Sunday, January 15, 2006

Horne promotes Elected Sheriff

Prosecuting Attorney Gerry Horne writes in the Tacoma News Tribune about the need for a stronger Sheriff''s position and a weaker Executive position.


At 7:37 PM, Anonymous Anonymous said...

I respectfully disagree with Gerry Horne re having an elected sheriff.

In the first place, an appointed sheriff is more insulated from politics and corruption. Sheriff Janovich and some underlings were convicted of taking money to look the other way. At about the same time, Auditor Dick Greco was extorting money from satellite auto licensing offices and Assessor Ken Johnston was requiring employees to contribute to his campaign fund. These acts of malfeasance by elected officials were a prime catalyst for passage of a new charter making the sheriff, at least, an appointed officer. An appointed sheriff is far less susceptible to bribery or election-related shenanigans.

On the other hand, an elected sheriff is more susceptible to pressure and manipulation by deputies and their union. for example, if deputies want a change in operations, or certain officers to be promoted, they can threaten to support an opposing candidate in the next election unless the sheriff does their bidding. One need only look to the sheriff's departments in Kitsap, Thurston, and Snohomish Counties, which were torn asunder by competing political factions.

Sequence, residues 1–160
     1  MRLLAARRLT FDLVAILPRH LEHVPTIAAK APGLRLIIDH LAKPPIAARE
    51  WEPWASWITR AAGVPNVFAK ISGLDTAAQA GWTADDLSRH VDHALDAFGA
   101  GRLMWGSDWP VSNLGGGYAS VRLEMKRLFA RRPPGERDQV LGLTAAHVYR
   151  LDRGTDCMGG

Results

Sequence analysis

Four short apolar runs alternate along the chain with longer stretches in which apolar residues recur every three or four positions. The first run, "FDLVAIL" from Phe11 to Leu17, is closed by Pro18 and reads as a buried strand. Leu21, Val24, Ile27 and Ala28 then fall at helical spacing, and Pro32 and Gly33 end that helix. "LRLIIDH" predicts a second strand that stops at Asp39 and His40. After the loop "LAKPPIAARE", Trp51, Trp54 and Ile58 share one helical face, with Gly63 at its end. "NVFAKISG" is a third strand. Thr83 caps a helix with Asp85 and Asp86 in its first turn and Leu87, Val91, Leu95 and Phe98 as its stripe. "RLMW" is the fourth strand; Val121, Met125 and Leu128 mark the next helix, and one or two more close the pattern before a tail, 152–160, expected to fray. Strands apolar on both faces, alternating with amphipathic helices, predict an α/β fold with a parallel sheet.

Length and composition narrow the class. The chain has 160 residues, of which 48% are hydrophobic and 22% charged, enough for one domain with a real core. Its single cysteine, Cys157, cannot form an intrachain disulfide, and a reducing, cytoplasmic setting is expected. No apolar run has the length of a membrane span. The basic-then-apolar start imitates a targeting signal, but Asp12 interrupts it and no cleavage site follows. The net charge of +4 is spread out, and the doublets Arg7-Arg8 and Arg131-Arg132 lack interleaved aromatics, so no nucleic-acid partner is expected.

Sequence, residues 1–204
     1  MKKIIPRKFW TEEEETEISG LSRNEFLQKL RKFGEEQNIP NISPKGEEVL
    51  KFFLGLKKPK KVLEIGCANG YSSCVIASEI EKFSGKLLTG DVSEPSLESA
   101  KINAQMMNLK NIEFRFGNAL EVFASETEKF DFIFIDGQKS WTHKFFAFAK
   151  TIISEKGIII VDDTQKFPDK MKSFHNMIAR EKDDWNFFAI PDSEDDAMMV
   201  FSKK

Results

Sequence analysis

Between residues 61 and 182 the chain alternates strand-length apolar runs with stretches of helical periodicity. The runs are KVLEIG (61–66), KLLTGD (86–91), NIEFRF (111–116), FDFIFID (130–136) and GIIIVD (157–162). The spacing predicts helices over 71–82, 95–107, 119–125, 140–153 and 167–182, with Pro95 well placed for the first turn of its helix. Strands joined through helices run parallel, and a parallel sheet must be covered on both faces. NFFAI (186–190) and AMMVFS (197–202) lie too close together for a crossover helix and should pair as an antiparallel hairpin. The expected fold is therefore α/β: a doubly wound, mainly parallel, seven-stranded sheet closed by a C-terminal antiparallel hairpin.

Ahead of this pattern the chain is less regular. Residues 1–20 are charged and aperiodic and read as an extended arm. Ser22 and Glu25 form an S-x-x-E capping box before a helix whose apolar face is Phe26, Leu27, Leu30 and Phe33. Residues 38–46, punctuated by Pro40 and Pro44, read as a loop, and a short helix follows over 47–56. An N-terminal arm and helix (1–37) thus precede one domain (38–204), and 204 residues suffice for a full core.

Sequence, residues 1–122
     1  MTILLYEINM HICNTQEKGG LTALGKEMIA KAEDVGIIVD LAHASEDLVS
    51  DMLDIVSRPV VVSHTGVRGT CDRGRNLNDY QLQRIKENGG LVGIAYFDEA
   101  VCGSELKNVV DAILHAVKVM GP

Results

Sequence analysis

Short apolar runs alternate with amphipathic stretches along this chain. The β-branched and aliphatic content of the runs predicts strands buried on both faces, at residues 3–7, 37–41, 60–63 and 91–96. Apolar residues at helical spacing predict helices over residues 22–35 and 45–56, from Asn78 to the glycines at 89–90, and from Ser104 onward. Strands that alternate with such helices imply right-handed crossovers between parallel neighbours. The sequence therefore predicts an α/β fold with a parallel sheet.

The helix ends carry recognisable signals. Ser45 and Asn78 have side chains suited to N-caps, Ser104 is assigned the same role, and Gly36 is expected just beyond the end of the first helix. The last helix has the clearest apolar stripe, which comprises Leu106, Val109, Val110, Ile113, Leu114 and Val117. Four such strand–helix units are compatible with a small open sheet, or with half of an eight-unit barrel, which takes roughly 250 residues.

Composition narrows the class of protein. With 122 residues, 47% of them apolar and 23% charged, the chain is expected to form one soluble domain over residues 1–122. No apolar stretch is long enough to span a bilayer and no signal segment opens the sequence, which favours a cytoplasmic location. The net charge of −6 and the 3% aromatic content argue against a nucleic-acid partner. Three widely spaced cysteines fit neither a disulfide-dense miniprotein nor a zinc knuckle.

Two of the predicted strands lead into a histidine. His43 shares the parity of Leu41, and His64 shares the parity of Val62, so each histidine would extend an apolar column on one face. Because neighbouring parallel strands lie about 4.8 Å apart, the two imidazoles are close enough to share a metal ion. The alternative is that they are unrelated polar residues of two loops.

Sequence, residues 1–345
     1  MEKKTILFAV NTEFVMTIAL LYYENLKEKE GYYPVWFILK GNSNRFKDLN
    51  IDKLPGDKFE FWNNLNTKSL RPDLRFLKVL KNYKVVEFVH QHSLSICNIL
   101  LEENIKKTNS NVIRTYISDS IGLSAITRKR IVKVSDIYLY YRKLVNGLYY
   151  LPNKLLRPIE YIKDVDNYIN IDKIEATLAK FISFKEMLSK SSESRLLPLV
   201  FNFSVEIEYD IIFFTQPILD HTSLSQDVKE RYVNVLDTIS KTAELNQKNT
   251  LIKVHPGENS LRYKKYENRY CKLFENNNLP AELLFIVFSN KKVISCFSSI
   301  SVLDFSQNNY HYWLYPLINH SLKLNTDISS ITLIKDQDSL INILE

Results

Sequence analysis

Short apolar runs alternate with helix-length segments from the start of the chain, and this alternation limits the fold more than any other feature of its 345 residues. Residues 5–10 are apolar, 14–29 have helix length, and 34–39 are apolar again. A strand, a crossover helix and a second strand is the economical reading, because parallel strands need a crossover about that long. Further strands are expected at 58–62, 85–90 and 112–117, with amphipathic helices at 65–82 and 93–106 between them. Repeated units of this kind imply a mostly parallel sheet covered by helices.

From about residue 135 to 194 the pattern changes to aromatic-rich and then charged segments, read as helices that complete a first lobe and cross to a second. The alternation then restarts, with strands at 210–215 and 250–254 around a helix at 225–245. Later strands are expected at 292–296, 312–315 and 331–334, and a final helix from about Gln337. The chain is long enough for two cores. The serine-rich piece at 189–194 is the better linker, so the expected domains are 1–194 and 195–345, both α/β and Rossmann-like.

Finally, an elected sheriff need not even be a law enforcement professional. Any lay person with an electable name in Pierce County -- e.g., Ladenburg -- could run and become sheriff. I think everyone would agree that the office should be reserved for professional cops.

Thus, in my opinion it would be a big mistake to switch to an elected sheriff. As things are, we're pretty well assured of professional leadership, accountable to an elected official (County Exec), but insulated from all kinds of potentially corrosive influences. Let's not try to fix something that isn't broken.

Mark Adams,Gig Harbor


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